- Crypto market has more than halved in size since the start of the year.
- Abra CEO Bill Barhydt thinks Western institutional investors will start investing this year and provide price support.
- "Once the floodgates are opened, they're opened."
LONDON — The founder of a Silicon Valley-based cryptocurrency business said the sector will boom again this year once big investors watching from the sidelines move into the market.
Abra CEO Bill Barhydt told Business Insider: "I talk to hedge funds, high net worth individuals, even commodity speculators. They look at the volatility in the crypto markets and they see it as a huge opportunity. Once that happens, all hell will break loose.
He added: "Once the floodgates are opened, they're opened."
Cryptocurrencies exploded in popularity and price before Christmas but the market has declined in size from over $800 billion at its peak in mid-December to $300 billion today.
The slump in prices has coincided with a decline in Google search traffic for crypto-related topics, which closely correlates with prices.
Despite market wobbles, Barhydt is confident that prices will recover later this year as institutional investors such as hedge funds and asset managers begin to dip their toes into crypto. Speaking to Business Insider this week during a trip to Europe, Barhydt pointed out that some Japanese financial institutions began investing in crypto at the end of last year and that was partially behind the price rally at the time.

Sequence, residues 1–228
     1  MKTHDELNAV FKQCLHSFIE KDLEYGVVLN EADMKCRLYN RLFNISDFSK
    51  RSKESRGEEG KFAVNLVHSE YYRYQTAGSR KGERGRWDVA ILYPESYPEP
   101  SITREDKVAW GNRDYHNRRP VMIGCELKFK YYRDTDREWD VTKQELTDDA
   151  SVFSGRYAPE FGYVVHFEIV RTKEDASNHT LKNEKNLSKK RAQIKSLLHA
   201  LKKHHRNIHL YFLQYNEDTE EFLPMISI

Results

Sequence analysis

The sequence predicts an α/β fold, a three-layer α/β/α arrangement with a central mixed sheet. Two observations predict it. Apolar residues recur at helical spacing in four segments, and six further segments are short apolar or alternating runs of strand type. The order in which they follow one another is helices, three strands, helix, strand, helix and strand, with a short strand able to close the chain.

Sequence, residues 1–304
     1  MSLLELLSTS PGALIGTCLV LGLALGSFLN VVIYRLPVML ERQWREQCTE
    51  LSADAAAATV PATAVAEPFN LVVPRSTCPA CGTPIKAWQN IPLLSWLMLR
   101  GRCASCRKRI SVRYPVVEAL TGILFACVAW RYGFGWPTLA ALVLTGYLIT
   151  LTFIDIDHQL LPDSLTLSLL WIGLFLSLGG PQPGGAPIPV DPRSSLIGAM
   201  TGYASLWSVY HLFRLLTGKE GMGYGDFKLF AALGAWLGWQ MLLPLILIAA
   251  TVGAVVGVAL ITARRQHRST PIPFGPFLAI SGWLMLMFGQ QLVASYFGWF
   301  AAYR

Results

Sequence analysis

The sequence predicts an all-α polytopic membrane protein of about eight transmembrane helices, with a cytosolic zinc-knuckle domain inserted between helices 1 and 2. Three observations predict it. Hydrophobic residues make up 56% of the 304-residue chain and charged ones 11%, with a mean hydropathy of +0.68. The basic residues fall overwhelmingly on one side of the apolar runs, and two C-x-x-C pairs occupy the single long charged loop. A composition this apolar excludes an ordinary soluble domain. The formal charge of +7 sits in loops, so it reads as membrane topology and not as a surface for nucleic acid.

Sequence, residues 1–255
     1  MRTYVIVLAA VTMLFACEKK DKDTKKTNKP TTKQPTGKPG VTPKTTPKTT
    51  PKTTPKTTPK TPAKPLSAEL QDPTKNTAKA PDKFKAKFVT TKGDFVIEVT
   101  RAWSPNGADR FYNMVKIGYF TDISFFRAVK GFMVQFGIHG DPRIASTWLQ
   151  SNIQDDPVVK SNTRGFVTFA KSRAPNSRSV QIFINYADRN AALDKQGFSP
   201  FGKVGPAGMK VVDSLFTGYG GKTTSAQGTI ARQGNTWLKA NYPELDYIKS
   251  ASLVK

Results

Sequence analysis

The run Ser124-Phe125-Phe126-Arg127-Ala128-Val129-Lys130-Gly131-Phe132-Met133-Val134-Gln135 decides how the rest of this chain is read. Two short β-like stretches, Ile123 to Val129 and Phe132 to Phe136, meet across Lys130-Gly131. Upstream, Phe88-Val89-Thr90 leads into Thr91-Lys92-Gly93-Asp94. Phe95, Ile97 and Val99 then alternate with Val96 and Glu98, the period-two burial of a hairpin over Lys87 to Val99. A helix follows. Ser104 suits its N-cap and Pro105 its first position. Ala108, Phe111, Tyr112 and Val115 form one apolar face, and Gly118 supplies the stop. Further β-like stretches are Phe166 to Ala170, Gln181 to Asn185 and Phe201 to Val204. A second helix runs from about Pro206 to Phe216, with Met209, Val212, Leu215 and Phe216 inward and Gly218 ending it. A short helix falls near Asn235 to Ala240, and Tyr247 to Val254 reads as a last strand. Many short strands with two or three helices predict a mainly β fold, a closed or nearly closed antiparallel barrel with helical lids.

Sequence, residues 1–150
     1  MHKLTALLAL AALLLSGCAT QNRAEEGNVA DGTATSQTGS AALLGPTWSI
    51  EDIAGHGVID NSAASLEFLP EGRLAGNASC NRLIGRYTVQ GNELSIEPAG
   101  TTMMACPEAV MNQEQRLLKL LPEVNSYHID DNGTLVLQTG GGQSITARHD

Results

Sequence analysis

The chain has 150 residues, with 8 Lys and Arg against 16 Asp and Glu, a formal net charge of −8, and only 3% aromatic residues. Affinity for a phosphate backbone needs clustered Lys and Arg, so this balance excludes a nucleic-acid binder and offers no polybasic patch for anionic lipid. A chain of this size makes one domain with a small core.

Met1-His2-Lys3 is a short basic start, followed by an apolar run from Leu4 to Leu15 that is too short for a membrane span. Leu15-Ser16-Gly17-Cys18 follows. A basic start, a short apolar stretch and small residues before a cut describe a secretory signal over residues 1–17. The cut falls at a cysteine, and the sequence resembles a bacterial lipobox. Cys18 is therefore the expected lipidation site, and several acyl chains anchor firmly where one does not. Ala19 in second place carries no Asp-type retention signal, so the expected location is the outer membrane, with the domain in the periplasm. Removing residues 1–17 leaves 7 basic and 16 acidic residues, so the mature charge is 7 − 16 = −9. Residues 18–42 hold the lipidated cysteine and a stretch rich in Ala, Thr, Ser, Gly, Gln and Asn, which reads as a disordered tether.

"There really is zero large-scale institutional money from the west in crypto right now," Barhydt said. "That is happening in Japan. Once a arge sizable chunk of Western institutional money starts to come in — watch out.
"Institutional interest is now starting to grow regardless of the Google trends."
Barhydt said institutional investment in assets like bitcoin or ethereum will create a "halo effect" for the wider crypto market and he said: "That's going to happen this year I think."
Regulators around the world have been moving to crack down on cryptocurrency markets, which have been plagued by scams and hacks. The US Securities and Exchange Commission has in recent weeks reportedly begun looking at hedge funds that have invested in cryptocurrencies. Barhydt is unphased by this and believes regulation will actually help encourage institutional investors.
"We're getting closer and closer to real clarity in the West that it's OK putting half a percent of your assets into crypto," he said.
While half a percent is a tiny amount of exposure for big investment firms, it could still work out at hundreds of millions of dollars, which would be a huge boost to crypto markets, Barhydt said. Abra is a digital wallet designed for smartphones that lets people around the world buy and hold up to 20 cryptocurrencies and 50 fiat currencies.
Barhydt, a serial entrepreneur, founded the business in 2014 and it has raised $40 million in funding from the likes of American Express, Fidelity's venture capital arm, and Foxconn, the Asian manufacturer of parts for Apple.
Abra expanded its offering from bitcoin and ethereum to its current suite of 70 crypto and fiat currencies earlier this month. Barhydt said the reception has been better than Abra expected and he said the fact that successful launches are possible in a down market demonstrates the resilience of the crypto space.
"People are really interested in altcoins, what's going to be the next big thing," he said. "We weren't expecting the growth to be this fast."
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